labor Gov. Newsom’s Choice: Back California Farm Workers or Help the Rich. Why Is This So Hard?
Once again, farm workers are marching the 335 miles from Delano to Sacramento in triple-digit heat, this time hoping to get California Gov. Gavin Newsom to sign a bill that would make it easier for migrant workers to vote to unionize. That they even have to make this pilgrimage, in 2022 and in a Democratic stronghold, for rights that other workers have had for years, is not just wrong but embarrassing. Yet last year, Newsom vetoed a similar bill on account of its “various inconsistencies.”
In one of the spiciest columns I’ve ever read anywhere, The Bee’s Marcos Bretón responded by noting the internal consistency of the governor’s position: “The governor is, after all, the owner of a boutique winery. He is also the owner of a restaurant group, and in California, these industries are built on the backs of Mexican workers who are cheap, reliable, efficient and powerless. Newsom is rich; they are just Mexicans. The governor acted accordingly.” Newsom, whose almost 500 appointments as governor have left Latinos seriously underrepresented, hasn’t said what he’ll do this year.
But meanwhile, he still hasn’t given 89-year-old Dolores Huerta, who co-founded the National Farm Workers Association with César Chávez, the meeting she’s asked for. Sure, because what has the civil rights icon done in her nearly 90 years to rate that courtesy?
The most prominent of the “various inconsistencies” that I see in this situation is the chasm between the national progressive figure that our governor wants to be and the friend to his fellow 1 percenters that he was in vetoing last year’s bill. I joined the United Farm Workers on just a short stretch of their march into Fresno last week, and after maybe a mile in the late afternoon temperatures saw in a mirror at the Catholic church where we took a break that I had a face as heat-stroke red as the UFW t-shirts. People who work in this sun, and are willing to walk across the state to press the governor for his signature, obviously have fortitude to spare.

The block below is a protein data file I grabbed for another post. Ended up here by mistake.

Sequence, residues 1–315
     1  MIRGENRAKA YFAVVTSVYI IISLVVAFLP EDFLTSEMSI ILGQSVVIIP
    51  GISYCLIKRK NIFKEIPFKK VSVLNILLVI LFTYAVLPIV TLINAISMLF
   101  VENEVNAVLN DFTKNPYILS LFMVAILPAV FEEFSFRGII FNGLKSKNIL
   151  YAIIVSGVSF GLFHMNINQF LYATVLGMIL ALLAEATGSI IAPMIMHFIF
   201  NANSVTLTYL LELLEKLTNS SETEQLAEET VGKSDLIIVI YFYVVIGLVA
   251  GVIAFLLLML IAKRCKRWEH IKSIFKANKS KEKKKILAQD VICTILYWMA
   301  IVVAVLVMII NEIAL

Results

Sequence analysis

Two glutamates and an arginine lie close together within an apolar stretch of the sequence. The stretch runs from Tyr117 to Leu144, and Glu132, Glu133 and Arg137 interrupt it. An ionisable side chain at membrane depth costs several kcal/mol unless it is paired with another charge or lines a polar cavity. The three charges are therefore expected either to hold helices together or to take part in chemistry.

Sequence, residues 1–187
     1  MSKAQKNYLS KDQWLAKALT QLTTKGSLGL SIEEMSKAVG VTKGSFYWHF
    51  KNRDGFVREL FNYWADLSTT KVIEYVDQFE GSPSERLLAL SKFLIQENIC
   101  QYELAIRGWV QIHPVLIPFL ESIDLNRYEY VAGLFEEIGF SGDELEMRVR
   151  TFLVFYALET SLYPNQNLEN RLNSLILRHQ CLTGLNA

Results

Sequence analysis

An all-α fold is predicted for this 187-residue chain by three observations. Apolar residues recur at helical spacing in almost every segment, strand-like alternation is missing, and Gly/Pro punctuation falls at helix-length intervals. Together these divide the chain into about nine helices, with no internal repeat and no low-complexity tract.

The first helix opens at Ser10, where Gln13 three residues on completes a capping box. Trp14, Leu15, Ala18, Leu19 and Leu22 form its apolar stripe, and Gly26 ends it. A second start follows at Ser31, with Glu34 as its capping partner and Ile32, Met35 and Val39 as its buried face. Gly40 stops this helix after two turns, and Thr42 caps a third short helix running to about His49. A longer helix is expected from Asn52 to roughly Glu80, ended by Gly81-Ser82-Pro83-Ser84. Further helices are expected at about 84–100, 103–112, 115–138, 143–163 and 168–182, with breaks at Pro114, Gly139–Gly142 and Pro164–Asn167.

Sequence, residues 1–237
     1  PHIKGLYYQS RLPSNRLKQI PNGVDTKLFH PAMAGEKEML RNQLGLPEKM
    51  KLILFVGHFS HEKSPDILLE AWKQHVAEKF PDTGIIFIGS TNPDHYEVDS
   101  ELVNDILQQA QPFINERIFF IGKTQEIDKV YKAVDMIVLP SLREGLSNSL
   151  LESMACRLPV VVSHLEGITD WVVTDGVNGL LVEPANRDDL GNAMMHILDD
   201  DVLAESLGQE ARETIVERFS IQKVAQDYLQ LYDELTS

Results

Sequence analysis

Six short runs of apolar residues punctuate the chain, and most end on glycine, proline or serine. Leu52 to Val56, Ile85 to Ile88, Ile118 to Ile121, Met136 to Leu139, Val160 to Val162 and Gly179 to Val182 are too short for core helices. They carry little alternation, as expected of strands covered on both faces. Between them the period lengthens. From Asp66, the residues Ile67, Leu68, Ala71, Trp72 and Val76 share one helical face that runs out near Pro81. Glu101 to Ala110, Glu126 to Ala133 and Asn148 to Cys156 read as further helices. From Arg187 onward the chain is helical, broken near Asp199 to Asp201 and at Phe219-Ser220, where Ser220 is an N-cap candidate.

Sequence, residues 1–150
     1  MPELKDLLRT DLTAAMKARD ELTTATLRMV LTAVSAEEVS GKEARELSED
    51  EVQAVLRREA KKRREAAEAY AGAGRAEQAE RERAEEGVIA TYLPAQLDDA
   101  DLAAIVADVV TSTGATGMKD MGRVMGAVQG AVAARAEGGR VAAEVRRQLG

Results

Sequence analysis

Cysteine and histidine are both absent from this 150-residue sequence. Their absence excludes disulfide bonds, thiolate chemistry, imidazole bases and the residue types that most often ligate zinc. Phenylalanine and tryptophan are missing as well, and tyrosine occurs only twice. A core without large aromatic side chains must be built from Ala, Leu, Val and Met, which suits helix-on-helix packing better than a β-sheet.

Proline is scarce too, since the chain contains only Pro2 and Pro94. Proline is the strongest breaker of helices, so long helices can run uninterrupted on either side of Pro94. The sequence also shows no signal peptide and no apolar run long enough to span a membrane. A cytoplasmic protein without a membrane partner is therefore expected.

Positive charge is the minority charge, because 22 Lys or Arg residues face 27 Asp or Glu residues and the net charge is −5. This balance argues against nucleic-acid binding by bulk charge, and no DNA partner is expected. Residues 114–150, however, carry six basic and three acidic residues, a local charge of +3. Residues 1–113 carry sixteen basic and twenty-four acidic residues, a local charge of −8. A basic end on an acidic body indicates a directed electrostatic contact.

But they shouldn’t have to keep making this sacrificial trek. They keep us fed, working through every disaster from COVID-19 to wildfires. Even when toilet paper was hard to find at the height of the pandemic, vegetables weren’t, and why was that? That farm workers continue to be exploited in return, by major players in the world’s fifth-largest economy, ought to make passing and signing SB2183 a given.
Specifically, the legislation would let workers vote in union elections from the safety of their homes. Which would be a big-deal change because of the well-documented pattern of voter intimidation by growers. Right now, most such elections on whether or not to unionize are held on the property of employers. Pretending that’s fair is like holding a presidential election at Mar-a-Lago and calling that neutral ground.
The California Catholic Conference of bishops is strongly supporting the bill, which is hardly a surprise, given the long history of church support for workers’ rights. After all, marchers carry a flag bearing the likeness of the Virgin of Guadalupe at the front of the march, as they have for the 60 years since Chávez started talking about drawing the inspiration for his activism from Catholic social teaching.
Catholic Bishop Joseph V. Brennan greets UFW founder Cesar Chavez’ son Paul Chavez as the marchers in the UFW’s March For The Governor’s Signature rest from the heat in a Catholic Church on Aug. 11, south of Fresno. Yet when I spoke to Bishop Joseph Brennan of Fresno, who joined the march at the church where we stopped, for the last leg of the day, he showed the same — in my charity, I’ll call it a lack of clarity — that the governor himself has exhibited.
On the one hand, Brennan said that Newsom should, after the bill passes, “sign it with all alacrity.” But he also said, “There are two sides to every story,” and that pushback “from some of my clergy, one in particular that I sat down with this week, gave me pause — made my decision to be here a little more difficult.”